Bath man finds and restores the Corvair he drove as a teen

Union Leader Correspondent
August 16. 2012 11:51PM
Craig Pursley, owner of a Bath art gallery, sits behind the wheel of the recovered and restored 1964 Corvair Monza he drove as a teenager in Nebraska. (BOB HOOKWAY/Union Leader Correspondent)
BATH -- Looking at the little red convertible nestled in Craig Pursley's garage at his home in Bath, it would be impossible to guess the story that goes with it.

In 1966, his dad, Gene, brought home a slightly used novelty that would serve as a counterpoint to the family of four's big Buick. When Chevrolet unveiled the Corvair in late 1959 for the 1960 model year, it caused quite a stir, as it did with teenage Craig and his older brother, Scott, in Lexington, Neb.

'I think he may have been having a mid-life crisis,' Craig said Thursday of his father's decision to buy the 1964 Corvair Monza.

'It was a three-speed on the floor. I learned to drive on it. I drove it every day in high school,' he said at the art gallery he runs these days in Bath Village. 'The first girl who ever told me she loved me said it in that car, and vice versa. The first time I got stopped by the police was in that car.'

Pursley went away to college, leaving the Corvair behind. He came home from campus one day in 1972 to a grim discovery. His father had sold the red convertible for $125 to a local junk dealer.

'Immediately, my heart fell out,' Pursley said.

As the years passed, Pursley chose a life in art. He worked as a magazine illustrator, and even as an artist for Topps, the baseball card company. His travels brought him across the country to New Hampshire, where he settled with his wife, Julie, in Bath Village.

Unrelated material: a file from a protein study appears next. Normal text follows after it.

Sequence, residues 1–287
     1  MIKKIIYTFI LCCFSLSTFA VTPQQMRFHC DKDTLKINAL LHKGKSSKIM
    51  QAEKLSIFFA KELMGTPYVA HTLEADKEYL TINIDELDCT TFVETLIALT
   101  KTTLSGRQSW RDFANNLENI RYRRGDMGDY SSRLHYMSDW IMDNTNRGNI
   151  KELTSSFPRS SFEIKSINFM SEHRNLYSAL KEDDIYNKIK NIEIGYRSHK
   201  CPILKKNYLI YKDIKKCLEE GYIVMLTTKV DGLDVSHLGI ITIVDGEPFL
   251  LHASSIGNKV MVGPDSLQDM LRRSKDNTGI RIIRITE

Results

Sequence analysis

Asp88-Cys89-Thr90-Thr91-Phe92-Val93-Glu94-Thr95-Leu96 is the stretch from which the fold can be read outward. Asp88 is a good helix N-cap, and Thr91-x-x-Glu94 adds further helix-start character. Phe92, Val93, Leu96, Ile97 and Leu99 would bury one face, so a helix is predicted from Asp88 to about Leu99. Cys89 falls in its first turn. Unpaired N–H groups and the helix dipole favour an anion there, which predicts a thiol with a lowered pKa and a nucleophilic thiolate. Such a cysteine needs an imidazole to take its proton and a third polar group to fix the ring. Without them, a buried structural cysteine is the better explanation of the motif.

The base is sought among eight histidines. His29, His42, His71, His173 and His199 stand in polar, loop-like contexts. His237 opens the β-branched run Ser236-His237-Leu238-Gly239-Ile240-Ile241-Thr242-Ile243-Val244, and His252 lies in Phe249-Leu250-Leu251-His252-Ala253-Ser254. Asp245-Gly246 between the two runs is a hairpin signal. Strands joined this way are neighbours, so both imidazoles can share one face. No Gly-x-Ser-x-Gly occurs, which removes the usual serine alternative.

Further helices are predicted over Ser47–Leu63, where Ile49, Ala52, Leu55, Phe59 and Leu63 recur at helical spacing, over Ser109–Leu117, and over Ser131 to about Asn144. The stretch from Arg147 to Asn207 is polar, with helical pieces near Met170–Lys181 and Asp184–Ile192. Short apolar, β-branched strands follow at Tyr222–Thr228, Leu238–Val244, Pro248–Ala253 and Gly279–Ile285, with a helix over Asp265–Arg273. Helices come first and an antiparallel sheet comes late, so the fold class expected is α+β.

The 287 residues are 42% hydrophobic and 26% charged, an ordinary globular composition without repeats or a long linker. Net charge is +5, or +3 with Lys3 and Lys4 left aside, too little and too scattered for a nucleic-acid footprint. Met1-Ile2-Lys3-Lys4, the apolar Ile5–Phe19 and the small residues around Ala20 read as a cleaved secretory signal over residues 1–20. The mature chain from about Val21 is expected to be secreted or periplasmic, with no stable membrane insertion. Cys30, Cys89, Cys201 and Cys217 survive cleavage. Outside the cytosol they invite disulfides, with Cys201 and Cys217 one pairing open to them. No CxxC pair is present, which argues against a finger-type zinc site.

But through it all, he never forgot the little red Corvair, and decided one day in 2004 to search for a car like it.

Pursley did an Internet search for ''64 Corvair convertible,' and a red one appeared on the screen. As he studied it more closely, the image started to look familiar.

There was a problem with the door, and the mirrors were too big for a Corvair. This correlated to a large dent Pursley said he had left in the passenger-side door of his dad's car as a teenager.

'And the original owner had tried to tow a boat or a trailer with it. He took off the original side mirrors, and put bigger mirrors further forward on the fenders,' Pursley said. 'I couldn't really believe it, but the car in the picture had been sold a year and a half earlier at an estate auction in Bladen, Neb.,' he said.

The detective portion of Pursley's tale begins here. He found the auctioneer and tracked down the names of several people whose hands the car had passed through.

'It was kind of the same story with most of them. They bought it intending to fix it up, but no one ever did. What probably saved it is that one owner kept the car garaged for 22 years,' he said.

The search went over several months. Finally, in Johnstown, Neb., he found the woman who had the car. She quickly agreed to sell it to Pursley for what she had paid, $550.

Pursley arranged for the car to be shipped east to the automotive and body shop of Craig Darling in South Ryegate, Vt. A year later, he drove the restored convertible home, where his wife was waiting with a big 'welcome home' banner.

Pursley would find in the car a 1923 silver dollar that his father had placed behind the speedometer, and a pair of golf-shoe tassels that he had put in the trunk himself when he was a teenager. The tassels now adorn the car's rear-view mirror.

Though his dad is gone, his mother, Donna, lived to see the Corvair again.

'My dad sold Chevys; he would have loved this story.' When I drove it back home, it was pretty special. I felt like he was with me,' Pursley said.

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Bob Hookway may be reached at

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